Tomorrow (Dec. 15) could be an interesting day if the subject of mandatory life jacket wear on pleasure boats is on your mind. That’s because a meeting of the National Recreational Boating Safety Coalition is slated to feature a report from the Army Corps of Engineers on its mandatory life jacket program. Never heard of it? I hadn’t, either, until recently.
Yes, there’s been lots of dialogue in recent years about mandating wear. Most states have passed some laws on the subject. For example, all but two states require PWC operators to wear one. It’s almost universal that water skiers and children wear them, albeit in the latter case the age requirement and size of boat vary. Generally, however, adults are not mandated to wear life jackets. When and where the issue has been proposed, boaters have usually pushed back loudly.
Until, that is, the Army Corps of Engineers unilaterally elected to implement a new rule on Corps-operated lakes in certain districts – most recently, the Vicksburg Districts. Reportedly a desire of General Don T. Riley (as director of civil works) to have such a policy on all 170-plus Corps lakes across the country, it was decided to avoid an anticipated nationwide boater backlash and start with a 3-year “test program” on four Corps lakes in the Vicksburg District.
The test began in May, 2009, on Arkabutla Lake, Sardis Lake, Enid Lake, and Grenada Lake. The results, thus far, will be reported at the NRBSC meeting. According to the Corps, national data indicated fatalities most often occurred in accidents involving small boats (under 26 feet) and swimmers outside designated swim areas. Based on that, the Corps issued the following mandates on the four test lakes: — ALL persons must wear a Type I, II, III or V Coast Guard-approved life jacket on powered vessels 26 feet and under whenever under its main power (not including trolling motors). — ALL persons must wear a Type I, II, III or V Coast Guard-approved life jacket at all times while swimming outside of designated swim areas. — ALL persons must wear a Type I, II, III or V Coast Guard-approved life jacket while skiing or being pulled by a vessel. — ALL persons must wear a Type I, II, III or V Coast Guard-approved life jacket on non-powered vessels regardless of length including, but not limited to, canoes, kayaks, flat bottoms, jon boats, sailboats and paddle boats.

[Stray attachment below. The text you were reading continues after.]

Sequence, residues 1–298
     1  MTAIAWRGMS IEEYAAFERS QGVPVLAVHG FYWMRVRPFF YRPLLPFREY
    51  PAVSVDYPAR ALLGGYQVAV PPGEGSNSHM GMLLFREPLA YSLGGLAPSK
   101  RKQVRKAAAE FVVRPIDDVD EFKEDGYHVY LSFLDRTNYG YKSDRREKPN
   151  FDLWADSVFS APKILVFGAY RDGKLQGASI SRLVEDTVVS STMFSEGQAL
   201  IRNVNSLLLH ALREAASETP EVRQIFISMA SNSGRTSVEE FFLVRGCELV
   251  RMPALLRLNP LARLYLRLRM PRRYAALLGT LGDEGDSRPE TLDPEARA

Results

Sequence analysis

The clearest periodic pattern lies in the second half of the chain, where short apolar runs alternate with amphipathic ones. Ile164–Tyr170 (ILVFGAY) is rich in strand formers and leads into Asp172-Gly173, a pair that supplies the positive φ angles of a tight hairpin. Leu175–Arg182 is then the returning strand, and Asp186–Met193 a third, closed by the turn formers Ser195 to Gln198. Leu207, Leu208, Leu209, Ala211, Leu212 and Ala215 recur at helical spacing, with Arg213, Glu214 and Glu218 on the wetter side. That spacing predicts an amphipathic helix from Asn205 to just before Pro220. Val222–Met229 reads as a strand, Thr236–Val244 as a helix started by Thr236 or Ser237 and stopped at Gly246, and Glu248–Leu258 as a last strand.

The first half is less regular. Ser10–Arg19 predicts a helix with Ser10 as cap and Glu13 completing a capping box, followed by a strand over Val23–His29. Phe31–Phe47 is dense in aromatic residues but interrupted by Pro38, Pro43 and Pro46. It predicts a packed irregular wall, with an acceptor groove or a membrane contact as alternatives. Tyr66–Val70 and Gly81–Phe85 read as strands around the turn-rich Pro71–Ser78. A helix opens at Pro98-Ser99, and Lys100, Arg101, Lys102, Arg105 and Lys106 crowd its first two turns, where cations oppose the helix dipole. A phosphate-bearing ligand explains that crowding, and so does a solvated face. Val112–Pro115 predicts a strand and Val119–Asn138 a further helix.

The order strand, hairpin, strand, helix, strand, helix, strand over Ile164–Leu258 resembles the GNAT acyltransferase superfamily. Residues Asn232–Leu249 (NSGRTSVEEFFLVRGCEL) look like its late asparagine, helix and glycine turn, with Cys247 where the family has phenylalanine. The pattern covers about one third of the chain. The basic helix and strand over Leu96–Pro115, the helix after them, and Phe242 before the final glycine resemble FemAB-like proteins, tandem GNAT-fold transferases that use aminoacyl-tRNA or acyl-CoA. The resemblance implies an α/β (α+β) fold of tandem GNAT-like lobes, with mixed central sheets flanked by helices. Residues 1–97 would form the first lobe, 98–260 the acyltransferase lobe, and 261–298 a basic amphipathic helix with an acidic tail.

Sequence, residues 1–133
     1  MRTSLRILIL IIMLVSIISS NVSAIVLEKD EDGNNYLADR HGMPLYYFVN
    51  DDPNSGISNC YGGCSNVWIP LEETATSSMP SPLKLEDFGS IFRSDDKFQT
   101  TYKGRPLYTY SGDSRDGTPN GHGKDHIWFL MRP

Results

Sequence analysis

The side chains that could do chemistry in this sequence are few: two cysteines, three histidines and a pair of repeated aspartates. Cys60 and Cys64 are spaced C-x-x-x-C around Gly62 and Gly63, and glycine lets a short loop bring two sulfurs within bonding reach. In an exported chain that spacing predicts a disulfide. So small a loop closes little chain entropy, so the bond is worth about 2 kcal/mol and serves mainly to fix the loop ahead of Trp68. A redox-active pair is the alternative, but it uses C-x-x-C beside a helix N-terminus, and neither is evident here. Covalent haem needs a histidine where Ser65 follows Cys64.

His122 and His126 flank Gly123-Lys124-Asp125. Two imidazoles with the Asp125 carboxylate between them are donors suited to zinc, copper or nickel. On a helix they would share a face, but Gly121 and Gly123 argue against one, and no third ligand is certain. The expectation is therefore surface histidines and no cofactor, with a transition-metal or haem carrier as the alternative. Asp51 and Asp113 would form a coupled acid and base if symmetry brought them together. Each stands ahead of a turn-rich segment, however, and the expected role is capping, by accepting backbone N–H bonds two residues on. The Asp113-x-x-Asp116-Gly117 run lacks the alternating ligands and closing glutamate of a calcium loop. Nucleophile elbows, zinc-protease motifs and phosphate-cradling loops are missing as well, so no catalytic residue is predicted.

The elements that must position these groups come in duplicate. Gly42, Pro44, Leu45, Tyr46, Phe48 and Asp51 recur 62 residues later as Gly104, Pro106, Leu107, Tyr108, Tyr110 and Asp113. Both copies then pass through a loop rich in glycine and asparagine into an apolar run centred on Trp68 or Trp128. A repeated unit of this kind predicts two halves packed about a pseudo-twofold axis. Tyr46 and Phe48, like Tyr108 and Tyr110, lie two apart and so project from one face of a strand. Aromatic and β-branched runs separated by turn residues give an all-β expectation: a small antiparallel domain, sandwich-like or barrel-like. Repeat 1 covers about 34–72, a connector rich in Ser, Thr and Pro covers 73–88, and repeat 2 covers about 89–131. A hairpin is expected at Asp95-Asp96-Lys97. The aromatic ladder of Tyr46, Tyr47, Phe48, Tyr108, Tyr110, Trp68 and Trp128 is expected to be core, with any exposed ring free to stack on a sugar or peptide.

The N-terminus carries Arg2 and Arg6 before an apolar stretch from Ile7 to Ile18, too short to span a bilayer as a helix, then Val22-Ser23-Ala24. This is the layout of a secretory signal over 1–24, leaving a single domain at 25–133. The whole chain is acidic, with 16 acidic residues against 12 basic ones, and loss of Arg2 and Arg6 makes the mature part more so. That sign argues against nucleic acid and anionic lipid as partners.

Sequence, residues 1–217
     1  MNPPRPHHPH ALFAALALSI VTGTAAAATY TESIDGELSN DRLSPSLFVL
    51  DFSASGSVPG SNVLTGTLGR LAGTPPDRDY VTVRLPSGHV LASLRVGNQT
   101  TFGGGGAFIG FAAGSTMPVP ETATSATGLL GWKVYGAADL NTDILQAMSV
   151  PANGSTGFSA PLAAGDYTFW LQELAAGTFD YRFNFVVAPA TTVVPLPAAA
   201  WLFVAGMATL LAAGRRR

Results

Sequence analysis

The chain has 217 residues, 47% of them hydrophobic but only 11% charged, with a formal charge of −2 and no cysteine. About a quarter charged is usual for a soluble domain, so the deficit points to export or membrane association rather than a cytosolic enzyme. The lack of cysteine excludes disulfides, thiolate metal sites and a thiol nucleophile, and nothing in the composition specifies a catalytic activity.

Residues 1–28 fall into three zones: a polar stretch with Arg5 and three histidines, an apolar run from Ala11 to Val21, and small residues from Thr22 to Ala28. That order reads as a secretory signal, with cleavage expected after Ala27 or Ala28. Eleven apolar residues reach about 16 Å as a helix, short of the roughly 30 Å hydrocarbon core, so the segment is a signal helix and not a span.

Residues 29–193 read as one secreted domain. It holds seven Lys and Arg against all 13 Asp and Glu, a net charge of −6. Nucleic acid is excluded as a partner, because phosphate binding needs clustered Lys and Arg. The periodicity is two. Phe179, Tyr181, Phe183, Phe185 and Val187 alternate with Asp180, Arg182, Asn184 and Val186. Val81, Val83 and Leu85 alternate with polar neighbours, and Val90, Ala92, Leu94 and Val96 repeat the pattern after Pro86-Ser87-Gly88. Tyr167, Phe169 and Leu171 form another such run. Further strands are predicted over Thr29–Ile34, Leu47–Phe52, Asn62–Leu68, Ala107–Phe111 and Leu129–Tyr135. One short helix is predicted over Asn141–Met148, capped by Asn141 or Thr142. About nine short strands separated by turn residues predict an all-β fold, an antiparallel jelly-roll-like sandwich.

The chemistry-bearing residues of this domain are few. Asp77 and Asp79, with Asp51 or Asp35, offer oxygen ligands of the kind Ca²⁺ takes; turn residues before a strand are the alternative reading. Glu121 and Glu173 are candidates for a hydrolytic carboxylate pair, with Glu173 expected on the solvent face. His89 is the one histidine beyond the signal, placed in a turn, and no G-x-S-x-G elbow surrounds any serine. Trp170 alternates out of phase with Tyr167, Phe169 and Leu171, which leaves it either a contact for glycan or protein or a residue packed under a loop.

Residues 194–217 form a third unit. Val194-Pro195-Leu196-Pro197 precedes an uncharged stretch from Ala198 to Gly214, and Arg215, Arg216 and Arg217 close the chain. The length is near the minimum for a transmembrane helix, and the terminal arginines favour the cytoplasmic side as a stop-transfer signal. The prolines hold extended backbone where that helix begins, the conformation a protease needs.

Radical? You bet, particularly with regard to boat lengths and swimming areas. So, what’s been the boaters’ reaction? The Corps initially feared a loss of recreation, but now reports it has actually increased. Even more surprising, a Coast Guard-funded study concluded while life jacket wears averaged 10-11 percent before, it jumped to an unprecedented 70 percent on the test lakes!
How did the Corps do it? Enforcement and citations? Will the Corps now add more districts and where? What are the broader implications for boaters on and off Corps lakes? What impact could it have on state boating programs? And, most important, where do we in the boating industry stand regarding mandated life jacket wear? Perhaps the NRBSC meeting will tell us more.
FYI – the NRBSC is a small group of boating representatives from government agencies and boating organizations with D.C. offices, including: MRAA, NMMA, NTSB, BOAT/US, NBF, USCG and its Auxiliary. Aside from the meeting, I’ll give you the answer to the above questions in Part II this Thursday (Dec. 16) here in Dealer Outlook.